Teen suspect called incompetent

Lawyer says youth charged in Crownsville killing is retarded

August 08, 2008|By Nicole Fuller | Nicole Fuller,Sun reporter

A teenage boy charged as an adult with murder in the shooting death of a man in an apparent drug deal and robbery plot is not competent to stand trial because he is mentally retarded, his lawyer said yesterday.

Defense attorney Carroll McCabe entered a not-guilty plea on behalf of her client, Ross Ethan Womick, 16, and filed a motion asserting that he is not competent yesterday in Anne Arundel County Circuit Court.

"There's been testing, and, based on that testing, he's not competent due to mental retardation," McCabe said after the hearing, declining to elaborate.

Circuit Judge William C. Mulford II ordered Womick, who was 15 at the time of the crime, committed to the Department of Health and Mental Hygiene for an evaluation.

The judge ordered the evaluation to take place within two weeks.

Womick, a ninth-grader at Old Mill High School, was charged in November, along with Wayne Lewis Milburn Sr., 42, with first-degree murder in the killing of Krey Jermaine Green, 23 in Crownsville. Womick has been held in jail since his arrest.

Police said the teen brought the handgun and Milburn pulled the trigger in the Oct. 27 shooting. The teenager and the older man had hatched a plan to kill the alleged drug dealer, according to police.

After shooting Green, they robbed him, drove his Lexus into nearby woods and set it on fire in the 700 block of Herald Harbor Road, police said.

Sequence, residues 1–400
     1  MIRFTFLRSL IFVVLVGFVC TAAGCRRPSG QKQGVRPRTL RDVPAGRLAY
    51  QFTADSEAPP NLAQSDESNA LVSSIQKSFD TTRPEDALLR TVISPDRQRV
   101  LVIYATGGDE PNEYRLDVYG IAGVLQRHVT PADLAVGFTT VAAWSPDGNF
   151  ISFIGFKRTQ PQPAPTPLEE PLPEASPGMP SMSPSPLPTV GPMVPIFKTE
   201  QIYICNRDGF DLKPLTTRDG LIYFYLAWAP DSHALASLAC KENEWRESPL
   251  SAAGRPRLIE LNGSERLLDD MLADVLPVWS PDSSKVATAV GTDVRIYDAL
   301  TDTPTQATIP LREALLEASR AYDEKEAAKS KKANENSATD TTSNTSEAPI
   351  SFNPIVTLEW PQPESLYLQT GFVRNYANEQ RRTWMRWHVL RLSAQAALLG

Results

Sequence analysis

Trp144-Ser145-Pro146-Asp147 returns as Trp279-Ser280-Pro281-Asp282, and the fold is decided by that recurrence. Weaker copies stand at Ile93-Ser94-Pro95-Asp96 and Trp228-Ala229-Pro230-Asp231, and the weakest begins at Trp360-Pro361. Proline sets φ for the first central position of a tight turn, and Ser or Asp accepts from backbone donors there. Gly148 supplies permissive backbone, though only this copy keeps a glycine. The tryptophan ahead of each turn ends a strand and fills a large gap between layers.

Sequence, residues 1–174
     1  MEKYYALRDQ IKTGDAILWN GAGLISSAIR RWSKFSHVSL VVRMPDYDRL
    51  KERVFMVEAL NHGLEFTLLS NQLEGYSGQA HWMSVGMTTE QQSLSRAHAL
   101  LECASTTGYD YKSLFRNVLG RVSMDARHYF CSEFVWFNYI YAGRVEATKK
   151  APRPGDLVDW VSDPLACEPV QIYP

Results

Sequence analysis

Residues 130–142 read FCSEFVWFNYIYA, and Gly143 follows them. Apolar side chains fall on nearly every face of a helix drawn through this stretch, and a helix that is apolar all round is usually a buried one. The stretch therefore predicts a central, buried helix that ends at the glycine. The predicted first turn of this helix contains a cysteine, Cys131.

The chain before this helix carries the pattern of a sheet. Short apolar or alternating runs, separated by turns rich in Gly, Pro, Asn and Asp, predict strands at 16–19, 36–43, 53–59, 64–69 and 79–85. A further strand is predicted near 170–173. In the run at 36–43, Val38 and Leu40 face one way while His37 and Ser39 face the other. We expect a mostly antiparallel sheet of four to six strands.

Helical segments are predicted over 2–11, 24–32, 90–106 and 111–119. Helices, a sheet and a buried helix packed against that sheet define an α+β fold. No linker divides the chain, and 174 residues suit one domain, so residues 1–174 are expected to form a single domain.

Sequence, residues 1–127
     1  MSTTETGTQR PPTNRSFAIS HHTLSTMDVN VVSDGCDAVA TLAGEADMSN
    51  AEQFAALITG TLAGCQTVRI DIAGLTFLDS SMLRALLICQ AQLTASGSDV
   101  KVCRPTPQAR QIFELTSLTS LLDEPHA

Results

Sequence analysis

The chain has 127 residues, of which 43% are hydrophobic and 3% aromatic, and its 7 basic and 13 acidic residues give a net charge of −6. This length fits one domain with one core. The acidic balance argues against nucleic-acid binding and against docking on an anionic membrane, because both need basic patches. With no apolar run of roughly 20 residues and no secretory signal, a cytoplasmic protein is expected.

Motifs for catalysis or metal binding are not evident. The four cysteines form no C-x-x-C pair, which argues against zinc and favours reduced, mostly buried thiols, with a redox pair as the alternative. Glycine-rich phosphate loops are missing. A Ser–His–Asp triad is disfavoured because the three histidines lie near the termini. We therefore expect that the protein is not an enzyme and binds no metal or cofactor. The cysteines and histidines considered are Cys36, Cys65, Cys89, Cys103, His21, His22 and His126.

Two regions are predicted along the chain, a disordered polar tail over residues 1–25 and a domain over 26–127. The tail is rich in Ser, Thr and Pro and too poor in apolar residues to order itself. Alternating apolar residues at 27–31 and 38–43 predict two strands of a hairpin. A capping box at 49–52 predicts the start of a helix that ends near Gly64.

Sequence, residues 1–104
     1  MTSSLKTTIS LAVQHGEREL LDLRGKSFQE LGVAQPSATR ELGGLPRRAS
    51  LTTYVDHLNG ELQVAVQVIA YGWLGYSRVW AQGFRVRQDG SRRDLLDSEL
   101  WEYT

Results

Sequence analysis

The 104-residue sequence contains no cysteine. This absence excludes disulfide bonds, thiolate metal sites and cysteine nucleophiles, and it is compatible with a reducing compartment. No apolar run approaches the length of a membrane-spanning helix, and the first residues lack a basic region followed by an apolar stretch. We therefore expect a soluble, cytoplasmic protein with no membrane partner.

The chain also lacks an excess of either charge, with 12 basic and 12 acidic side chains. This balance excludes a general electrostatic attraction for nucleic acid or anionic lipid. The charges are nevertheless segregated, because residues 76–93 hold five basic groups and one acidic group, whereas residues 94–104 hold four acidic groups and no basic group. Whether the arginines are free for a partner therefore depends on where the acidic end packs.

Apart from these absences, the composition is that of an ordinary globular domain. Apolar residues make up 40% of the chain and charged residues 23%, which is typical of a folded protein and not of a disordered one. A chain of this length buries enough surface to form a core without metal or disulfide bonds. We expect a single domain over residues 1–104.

The pair then headed to Milburn's house and smoked crack cocaine, police said. Green's skeletal remains were discovered Oct. 30 in his car.

After yesterday's hearing, Womick's mother, Cindy Womick, said of her son, "He's upset. He feels very remorseful for this. I just don't think he understands."

The judge set hearings for next month to revisit the competency issue and a defense motion to move Womick's case from adult court to the juvenile court system.

Prosecutor Jennifer M. Alexander said she would oppose McCabe's competency motion and the request for a transfer to juvenile court.

"Obviously, the way it's shaping up at this point, it's going to be a battle of the experts," McCabe said.

If Womick's case moves to juvenile court, and he is found responsible, the equivalent of a guilty finding in adult court, he could be held by the Department of Juvenile Services until he is 21.

Womick's trial is scheduled for Oct. 6. Milburn is set to go on trial Oct. 28.


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